When researching a commercial real estate lease or purchase, determining the zoning permitted by the municipality should be an important factor in the decision making process. Implications for a tenant or buyer vary slightly but they can both have significant impact down the road.
Typically a zoning will be stated within any commercial real estate listing for sale or lease. The agent representing the property can provide prospective tenants with the uses allowed within the zoning however a prudent Tenant should do their own research.
On our standard offer to lease we, as a brokerage, ask that tenants verify their use is allowable in the zoning where they have chosen a location within the municipality themselves. Most municipal offices make their zoning bylaws available to the public via hard copies at their office and on their websites.
The City of Saskatoon, for example, has a fully downloadable PDF version of the zoning bylaw in addition to zoning maps which show the specific zoning for all civic property. These are tools I utilize almost every day in my job.
Legal issues can arise if, as a tenant, you have a signed off on a lease but your use is prohibited in that particular zoning. Re-zoning from the City is not only complicated and lengthy, it’s also very rare.
Unfortunately, if you have signed off that you have checked the zoning during the standard offer process, you are now you are on the hook for your obligations to the landlord under the lease.
Use is not the only place that zoning can trip up potential tenancies. There are many requirements under the zoning bylaw that a tenant must meet to be compliant with the City.
Parking is a topic that often comes up. The City may allow your use in a specific however there may be a minimum amount of dedicated parking stalls for your customers or employees that cannot be met.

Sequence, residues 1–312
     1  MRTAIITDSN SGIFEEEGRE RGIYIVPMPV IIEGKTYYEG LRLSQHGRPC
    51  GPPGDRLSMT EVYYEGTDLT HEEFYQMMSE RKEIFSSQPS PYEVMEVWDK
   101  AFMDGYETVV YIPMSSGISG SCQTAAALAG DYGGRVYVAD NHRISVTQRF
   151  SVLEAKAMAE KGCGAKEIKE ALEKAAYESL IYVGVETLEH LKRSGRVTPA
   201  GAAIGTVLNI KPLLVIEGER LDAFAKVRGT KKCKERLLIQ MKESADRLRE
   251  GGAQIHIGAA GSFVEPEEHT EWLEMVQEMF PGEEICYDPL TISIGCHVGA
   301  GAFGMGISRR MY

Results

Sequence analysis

This issue just came up for me with a potential restaurant user who insisted they didn’t need a lot of parking. It’s not the landlord’s responsibility to determine the number of parking stalls needed. The City will have specific numbers per your amount of square footage and general use that they require.
Zoning can have a major impact on property value from an investment perspective. The wider the allowable uses, theoretically the better the value.
Most municipal zoning bylaws break down their zoning districts into the following information: purpose of zoning, permitted uses, discretionary uses and prohibited uses. They will indicate where to find information about construction restraints, landscaping requirements, parking and signage based on each use.
Again, using the City of Saskatoon for example, the commercial zoning known as B1 through to B6 can shift widely between uses. The description of the zoning can be an early indicator.
B1A is listed as a Limited Neighbourhood District. The purpose of this type of zoning is for businesses to act as the daily convenience providers to surrounding residential occupants. Permitted uses for this zoning is limited to 11 specific types of business and only two discretionary types.
If you’re shopping for an investment with potential to redevelop, the zoning is imperative to your final decision. You can’t construct anything on a B1A site outside of those businesses.
B6 by comparison within the Downtown Commercial District offers a wide range of commercial, institutional and residential uses in high density form. All uses are permitted outside of the list of prohibited uses. In this instance, the City is only prohibiting industrial or manufacturing uses because they may have a detrimental impact on surrounding users
Research now or pay for it later
In both instances, zoning is significant factor to consider. Like other areas of due diligence, it’s a piece of the puzzle you must investigate before signing off on any real estate deal.
Have you heard of any zoning horror stories?
Posted by Kelly Macsymic